Campus safety has been on the minds of many at the University of Utah, especially now that SafeU Month has begun. In the first of many activities to come throughout the month, ASUU hosted a listening session open to the public to attend. There were students, faculty and members of the police force present, all of whom met to share their ideas of how to further improve campus safety. “I think everyone in this room knows that even though there has been a lot happening it has not been enough,” said student body president AnnaMarie Barnes.
Barnes and Student Body Vice President Gabe Martinez presented several areas in which they aimed to improve campus safety, including changes to personnel, online training, facilities and more. Most important was their question posed to the audience: what does safety mean to you? “Freedom,” said AnnaMarie Barnes. “Freedom to walk through campus. Safety to me means not having to feel vulnerable.” Members of her group took this opportunity to further open the dialogue of campus safety.
With the death of Lauren McCluskey being at the forefront of the issue of campus safety, officers from the Campus Department of Public Safety wanted to take this chance to dispel doubts from students and faculty present. “I quit my previous job to come here to help, and I want this campus to be a place where my daughters would feel safe,” said Officer Jason Hinojosa. “That’s the message I want to get out. We’re here to help.”
Hours later, the issue of campus safety was once again the topic of discussion as members of the ASUU Senate held an emergency meeting. The main topic of debate was whether or not they would pass the resolution that members of the ASUU assembly had passed just a week earlier. “The fact that the University is filing a legal argument that is pushing it as far as it possibly can in its legal defense is the correct thing for the University to do,” said Senator Devon Cantwell. “We are not here to question that tonight, we are here to question what means [the U is] using to achieve this effort.”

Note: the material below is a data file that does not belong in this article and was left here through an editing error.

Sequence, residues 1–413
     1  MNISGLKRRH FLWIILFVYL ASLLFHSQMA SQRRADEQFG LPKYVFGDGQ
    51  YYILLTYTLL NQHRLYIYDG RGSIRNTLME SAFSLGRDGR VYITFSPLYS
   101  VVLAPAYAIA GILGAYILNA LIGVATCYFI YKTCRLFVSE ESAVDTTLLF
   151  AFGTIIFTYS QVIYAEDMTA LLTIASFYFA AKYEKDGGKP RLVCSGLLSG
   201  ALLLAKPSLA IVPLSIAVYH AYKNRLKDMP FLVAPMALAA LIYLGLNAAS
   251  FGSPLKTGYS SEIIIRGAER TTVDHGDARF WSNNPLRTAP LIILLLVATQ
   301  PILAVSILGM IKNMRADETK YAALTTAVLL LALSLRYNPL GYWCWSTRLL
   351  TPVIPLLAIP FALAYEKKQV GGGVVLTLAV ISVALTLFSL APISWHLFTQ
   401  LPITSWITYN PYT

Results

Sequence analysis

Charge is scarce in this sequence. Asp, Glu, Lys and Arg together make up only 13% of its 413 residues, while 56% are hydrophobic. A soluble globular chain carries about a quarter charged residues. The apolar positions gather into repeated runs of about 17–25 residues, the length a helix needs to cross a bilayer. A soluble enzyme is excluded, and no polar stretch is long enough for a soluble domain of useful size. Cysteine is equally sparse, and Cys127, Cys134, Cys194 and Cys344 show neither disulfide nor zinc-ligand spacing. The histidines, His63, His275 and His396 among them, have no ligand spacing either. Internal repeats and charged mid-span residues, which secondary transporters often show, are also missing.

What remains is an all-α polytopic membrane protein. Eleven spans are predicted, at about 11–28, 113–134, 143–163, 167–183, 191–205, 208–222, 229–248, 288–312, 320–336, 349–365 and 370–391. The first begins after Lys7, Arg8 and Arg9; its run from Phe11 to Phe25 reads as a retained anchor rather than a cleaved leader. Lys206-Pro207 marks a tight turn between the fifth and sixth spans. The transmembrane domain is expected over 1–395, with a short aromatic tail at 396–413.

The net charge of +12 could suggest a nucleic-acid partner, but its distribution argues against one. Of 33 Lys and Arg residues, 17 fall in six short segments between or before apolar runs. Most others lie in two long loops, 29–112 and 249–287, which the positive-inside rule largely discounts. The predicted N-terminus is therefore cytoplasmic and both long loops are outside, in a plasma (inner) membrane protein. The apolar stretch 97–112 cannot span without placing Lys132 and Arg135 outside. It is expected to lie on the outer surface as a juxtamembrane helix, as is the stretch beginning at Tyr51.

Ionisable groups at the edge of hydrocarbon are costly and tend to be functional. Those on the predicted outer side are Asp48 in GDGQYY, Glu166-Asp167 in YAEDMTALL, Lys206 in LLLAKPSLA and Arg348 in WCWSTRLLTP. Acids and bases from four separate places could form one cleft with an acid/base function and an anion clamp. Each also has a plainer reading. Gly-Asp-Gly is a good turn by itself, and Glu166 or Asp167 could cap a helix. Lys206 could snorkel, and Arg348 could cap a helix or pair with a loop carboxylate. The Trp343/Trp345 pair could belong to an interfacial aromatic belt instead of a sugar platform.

Members of the Senate addressed not only their own concerns regarding the U’s motion to dismiss, but those of their constituents as well. “Talking with my constituents, they don’t feel safe, they don’t know where to go,” said Senator Connor Leeming. The other senators went on to list more specific concerns, with the primary being that of victim-blaming being promoted by the University’s motion to dismiss.
“Victim-blaming, it’s a concern I’m seeing from all my constituents … my students even have come to talk to me in my class,” said Senator Rebecca Hardenbrook. “I personally am very outraged by what has taken place from the University’s response [and I think] we really need to step back and reconsider our priorities as senators and as a body.”
While all felt similarly, there were two particular voices that were concerned with the phrasing of the resolution presented. “The language of the resolution doesn’t work for me, and I wouldn’t be able to vote for it just because in my mind it’s important we’re factually sound,” said Senator Ben Lehnardt. Senator Sara Scholes agreed, feeling that the language within the resolution was ineffective in the way it addressed the University. “I urge us to focus on calling attention to actional items in the University policy areas where our opinions as students are not being heard and ask for accountability and student involvement to ensure that our voices and interests continue to be heard and represented.”
As the night went on, the Senate was unable to come to a conclusion and decided to postpone the vote on the resolution until Thursday at 5 p.m. Even if this particular version of the resolution is not passed, the Senate has expressed a desire to still pass a resolution with a similar message. “The point here is that our student body is disappointed, and that we aren’t being represented,” said Hardenbrook.
This article has been updated to clarify Senator Lehnardt and Senator Scholes’ position on JR2. Senator Scholes was also misquoted. We regret these errors.